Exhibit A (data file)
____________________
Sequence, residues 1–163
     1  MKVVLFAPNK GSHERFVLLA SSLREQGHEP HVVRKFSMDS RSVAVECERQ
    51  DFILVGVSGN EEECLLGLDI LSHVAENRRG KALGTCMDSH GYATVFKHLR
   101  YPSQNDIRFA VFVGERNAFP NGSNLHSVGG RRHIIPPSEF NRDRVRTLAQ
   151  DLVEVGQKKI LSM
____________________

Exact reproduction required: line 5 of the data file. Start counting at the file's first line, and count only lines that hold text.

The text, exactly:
   151  DLVEVGQKKI LSM